over when, how and even whether to implement federal budget cuts
tied to sequestration.
About $37 billion in defense sequestration cuts are targeted
for fiscal year 2013. But there is "still no detail" being
provided by Congress or the Obama administration on what to
reduce and how to implement the cuts, says Gregory Kiley, an
associate at the Silverline Group, which provides strategic
consulting and advisory services to the aerospace, defense and
"They are taking the typical approach with sequester that they
do with everything in Washington, which is to delay making
decisions and just kick the can down the road," Kiley said. "So
the immediate impact on the defense industry is uncertain."
While Congressional Republicans have introduced legislation
that would allocate more money to defense than is allowed under
sequestration, the Obama administration has threatened to veto
any such efforts.
Meanwhile, aerospace and defense companies are preparing for
"The defense companies have been hoarding cash, cutting their
overhead back, and gotten themselves leaner in anticipation of a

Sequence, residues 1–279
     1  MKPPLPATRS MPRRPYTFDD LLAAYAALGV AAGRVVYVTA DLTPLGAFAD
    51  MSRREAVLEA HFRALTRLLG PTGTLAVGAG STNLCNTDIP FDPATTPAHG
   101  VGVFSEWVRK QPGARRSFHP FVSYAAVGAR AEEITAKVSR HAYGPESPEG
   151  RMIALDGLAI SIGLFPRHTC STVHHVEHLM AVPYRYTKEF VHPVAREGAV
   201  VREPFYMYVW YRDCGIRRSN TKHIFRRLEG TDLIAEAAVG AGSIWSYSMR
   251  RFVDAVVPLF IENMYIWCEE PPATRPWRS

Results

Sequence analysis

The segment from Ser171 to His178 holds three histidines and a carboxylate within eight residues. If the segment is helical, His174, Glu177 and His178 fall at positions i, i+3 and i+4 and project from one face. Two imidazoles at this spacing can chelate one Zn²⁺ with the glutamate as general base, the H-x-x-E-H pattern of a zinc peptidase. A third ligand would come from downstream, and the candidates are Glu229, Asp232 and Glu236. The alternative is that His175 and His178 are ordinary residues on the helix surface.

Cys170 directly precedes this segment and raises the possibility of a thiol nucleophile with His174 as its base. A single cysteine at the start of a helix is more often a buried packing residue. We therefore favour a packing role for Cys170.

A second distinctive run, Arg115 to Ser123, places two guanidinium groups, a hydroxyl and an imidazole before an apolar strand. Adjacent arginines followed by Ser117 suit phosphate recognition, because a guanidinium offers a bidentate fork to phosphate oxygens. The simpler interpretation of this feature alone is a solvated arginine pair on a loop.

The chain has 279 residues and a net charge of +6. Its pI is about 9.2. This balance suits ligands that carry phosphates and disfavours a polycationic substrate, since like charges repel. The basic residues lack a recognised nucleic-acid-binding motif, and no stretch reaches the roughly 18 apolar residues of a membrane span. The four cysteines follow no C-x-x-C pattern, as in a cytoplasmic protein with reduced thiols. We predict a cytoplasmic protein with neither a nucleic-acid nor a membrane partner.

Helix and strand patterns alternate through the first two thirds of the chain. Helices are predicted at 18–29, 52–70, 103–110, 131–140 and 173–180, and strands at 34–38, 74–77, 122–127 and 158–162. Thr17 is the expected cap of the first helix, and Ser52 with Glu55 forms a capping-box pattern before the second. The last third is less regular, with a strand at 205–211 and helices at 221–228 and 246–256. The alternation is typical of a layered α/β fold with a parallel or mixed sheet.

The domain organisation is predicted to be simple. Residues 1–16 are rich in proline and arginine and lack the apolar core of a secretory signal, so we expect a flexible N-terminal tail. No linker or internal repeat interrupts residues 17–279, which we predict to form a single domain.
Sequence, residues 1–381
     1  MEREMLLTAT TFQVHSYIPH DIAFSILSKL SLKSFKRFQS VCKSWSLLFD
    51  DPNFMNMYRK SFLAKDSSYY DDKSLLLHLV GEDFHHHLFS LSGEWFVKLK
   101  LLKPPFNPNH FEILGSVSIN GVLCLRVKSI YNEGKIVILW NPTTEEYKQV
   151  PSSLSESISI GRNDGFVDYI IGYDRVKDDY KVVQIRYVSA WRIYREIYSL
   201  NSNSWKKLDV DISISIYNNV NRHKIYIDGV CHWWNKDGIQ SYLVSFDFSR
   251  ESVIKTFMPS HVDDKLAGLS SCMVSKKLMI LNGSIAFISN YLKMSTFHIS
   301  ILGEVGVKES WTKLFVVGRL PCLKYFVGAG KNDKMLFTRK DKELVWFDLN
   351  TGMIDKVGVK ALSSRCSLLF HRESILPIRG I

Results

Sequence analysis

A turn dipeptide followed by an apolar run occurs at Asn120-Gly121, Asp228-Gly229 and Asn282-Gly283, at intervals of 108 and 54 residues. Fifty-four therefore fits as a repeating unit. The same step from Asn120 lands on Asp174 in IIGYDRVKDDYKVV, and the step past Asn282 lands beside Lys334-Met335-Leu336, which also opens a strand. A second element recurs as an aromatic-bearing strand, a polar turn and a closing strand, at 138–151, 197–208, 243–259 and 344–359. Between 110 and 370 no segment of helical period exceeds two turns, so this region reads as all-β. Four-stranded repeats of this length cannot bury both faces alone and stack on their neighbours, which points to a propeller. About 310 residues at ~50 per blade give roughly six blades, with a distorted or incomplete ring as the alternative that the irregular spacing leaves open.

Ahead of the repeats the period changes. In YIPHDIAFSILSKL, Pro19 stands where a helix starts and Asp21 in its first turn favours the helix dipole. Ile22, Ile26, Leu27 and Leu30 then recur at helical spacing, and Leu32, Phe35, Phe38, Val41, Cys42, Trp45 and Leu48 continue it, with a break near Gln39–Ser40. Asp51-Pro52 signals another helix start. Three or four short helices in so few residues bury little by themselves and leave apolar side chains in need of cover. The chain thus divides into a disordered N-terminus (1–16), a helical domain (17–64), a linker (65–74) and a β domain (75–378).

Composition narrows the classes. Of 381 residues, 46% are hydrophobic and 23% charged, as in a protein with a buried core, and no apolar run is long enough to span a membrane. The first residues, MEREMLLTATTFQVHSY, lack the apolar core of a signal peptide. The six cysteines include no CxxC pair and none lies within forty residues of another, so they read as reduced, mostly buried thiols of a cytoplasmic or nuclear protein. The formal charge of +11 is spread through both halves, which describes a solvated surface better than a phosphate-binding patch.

downturn," Kiley said. "They are very strong cashwise, but have
held back on research and development. There is sort of an
uncertainty regarding sequester."
Smaller firms that depend on military spending for their
livelihoods might face an especially grim future over the next
According to the PwC report, spending cuts will likely drive
some small suppliers out of business. That in turn could leave
larger companies with "a shortage of critical parts and long lead
times to qualify new suppliers."
Department of Defense Comptroller Robert Hale voiced similar
concerns in recent statements, saying that the $37 billion in
sequestration cuts would likely result in a "sharp drop" in the
number of contractors.
Companies in the aerospace and defense sector range from
commercial aircraft behemoths such as Boeing, which had more than
$80 billion in revenue last year, to small niche players
likeApplied Energetics (AERG), a maker of laser-guided weapons
with about $1 million in 2012 revenue.
BE Aerospace, which has a strong commercial sector focus, has
run off 10 straight quarters of double-digit sales and earnings